I’ve been on a “humanist” math philosophy reading kick lately. I’ve gotten myself partway through two of Reuben Hersh’s books and many of his articles and found many interesting TED talks supporting the view that teaching, regardless of the subject, has changed in many ways and we need to adapt.
Lockhart’s article is one of the better pieces I’ve read on what is apparently a fairly subversive view of mathematics and mathematics education. I sat reading it, completely absorbed, getting more and more fired up with each page. The article addresses ideas which have been circulating in my mind a lot lately; one semester into my teaching career, and I’m already seriously throwing into question 80% of what I thought I knew about math education.
I am a brand new teacher – graduated with a bachelor’s in pure math less than two years ago. I never went to education school, which Lockhart refers to as “a complete crock”. He argues that “teaching is not about information. It’s about having an honest intellectual relationship with your students. It requires no method, no tools, and no training. Just the ability to be real. And if you can’t be real, then you have no right to inflict yourself upon innocent children.”
I can see this pretty clearly in my own experience this year. I teach geometry, which Lockhart calls the “instrument of the Devil” and precalculus, which he refers to as “a senseless bouillabaisse of disconnected topics” (is it bad if that quote makes me hungry?). Just halfway through my first year of teaching each of those courses, I already see frustration in the students with the traditional way of teaching. They shut off completely during geometric “proofs”, which I have now almost completely abandoned after realizing that not only did the students not understand them, but apparently lost the ability to explain simple concepts in their own words because they were so preoccupied with having to write a “geometric two column proof”. Precalculus has lots of review, and many of the students are completely shut off by having the same material they’ve seen before just lectured back to them in about the same depth.
It’s too easy for me to “be a passive conduit of some publisher’s “materials” and to follow the shampoo-bottle instruction “lecture, test, repeat” than to think deeply and thoughtfully about the meaning of one’s subject and how best to convey that meaning directly and honestly to one’s students,” as Lockhart describes it. So easy, and so boring, that in less than one semester, I am already itching to get further away from stand-and-deliver-teaching and the mind-numbing textbooks we use.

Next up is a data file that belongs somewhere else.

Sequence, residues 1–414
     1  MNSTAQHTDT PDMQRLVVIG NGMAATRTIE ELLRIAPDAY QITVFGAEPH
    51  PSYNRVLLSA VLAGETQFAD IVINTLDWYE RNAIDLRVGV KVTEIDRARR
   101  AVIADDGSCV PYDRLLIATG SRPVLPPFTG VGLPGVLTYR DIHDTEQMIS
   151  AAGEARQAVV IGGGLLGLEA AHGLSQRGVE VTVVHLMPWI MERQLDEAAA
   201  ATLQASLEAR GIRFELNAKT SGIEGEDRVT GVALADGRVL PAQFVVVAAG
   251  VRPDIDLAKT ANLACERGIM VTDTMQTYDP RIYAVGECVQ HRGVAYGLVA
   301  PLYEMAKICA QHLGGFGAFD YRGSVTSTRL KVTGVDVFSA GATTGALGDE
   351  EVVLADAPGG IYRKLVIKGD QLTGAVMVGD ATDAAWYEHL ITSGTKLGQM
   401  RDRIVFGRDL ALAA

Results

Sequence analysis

“Why don’t we want our children to learn to do mathematics? Is it that we don’t trust them, that we think it’s too hard? We seem to feel that they are capable of making arguments and coming to their own conclusions about Napoleon, why not about triangles? I think it’s simply that we as a culture don’t know what mathematics is. The impression we are given is of something very cold and highly technical, that no one could possibly understand— a self fulfilling prophesy if there ever was one.”
“All this fussing and primping about which “topics” should be taught in what order, or the use of this notation instead of that notation, or which make and model of calculator to use, for god’s sake— it’s like rearranging the deck chairs on the Titanic! Mathematics is the music of reason. To do mathematics is to engage in an act of discovery and conjecture, intuition and inspiration; to be in a state of confusion— not because it makes no sense to you, but because you gave it sense and you still don’t understand what your creation is up to; to have a breakthrough idea; to be frustrated as an artist; to be awed and overwhelmed by an almost painful beauty; to be alive, damn it.”
Many teachers are afraid to let real math happen. They want to stand and lecture and prevent the kids from trying anything new or ever making any mistakes. It seems they believe math is a set of absolute truths and they think they have been appointed by the gods to stand and deliver these truths to the congregation. Remember the lessons of medieval churches; congregations can’t read the holy word themselves and make sense of it, so we need the holy priests to deliver the word unto them. Looks like we need a real Reformation for math.
I could go on. But I think this is good enough for a first post. I’ll leave you with one last line from Lockhart (who really is a smart cookie, by the way – I laughed, got angry, got inspired, and felt very stimulated by the article).
“It’s perfectly simple. Students are not aliens. They respond to beauty and pattern, and are naturally curious like anyone else. Just talk to them! And more importantly, listen to them!”
If my ramblings have piqued your interest in the article (which is a little long at 25 pages, but truly excellent to read), you can find it online here.